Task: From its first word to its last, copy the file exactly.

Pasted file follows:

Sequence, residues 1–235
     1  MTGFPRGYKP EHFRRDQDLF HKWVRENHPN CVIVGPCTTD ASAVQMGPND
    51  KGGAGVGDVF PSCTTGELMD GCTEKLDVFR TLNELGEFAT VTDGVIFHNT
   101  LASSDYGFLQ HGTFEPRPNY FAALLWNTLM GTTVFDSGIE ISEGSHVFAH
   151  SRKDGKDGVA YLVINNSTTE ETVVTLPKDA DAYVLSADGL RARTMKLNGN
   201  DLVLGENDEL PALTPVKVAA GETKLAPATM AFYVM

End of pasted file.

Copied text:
Sequence, residues 1–235
     1  MTGFPRGYKP EHFRRDQDLF HKWVRENHPN CVIVGPCTTD ASAVQMGPND
    51  KGGAGVGDVF PSCTTGELMD GCTEKLDVFR TLNELGEFAT VTDGVIFHNT
   101  LASSDYGFLQ HGTFEPRPNY FAALLWNTLM GTTVFDSGIE ISEGSHVFAH
   151  SRKDGKDGVA YLVINNSTTE ETVVTLPKDA DAYVLSADGL RARTMKLNGN
   201  DLVLGENDEL PALTPVKVAA GETKLAPATM AFYVM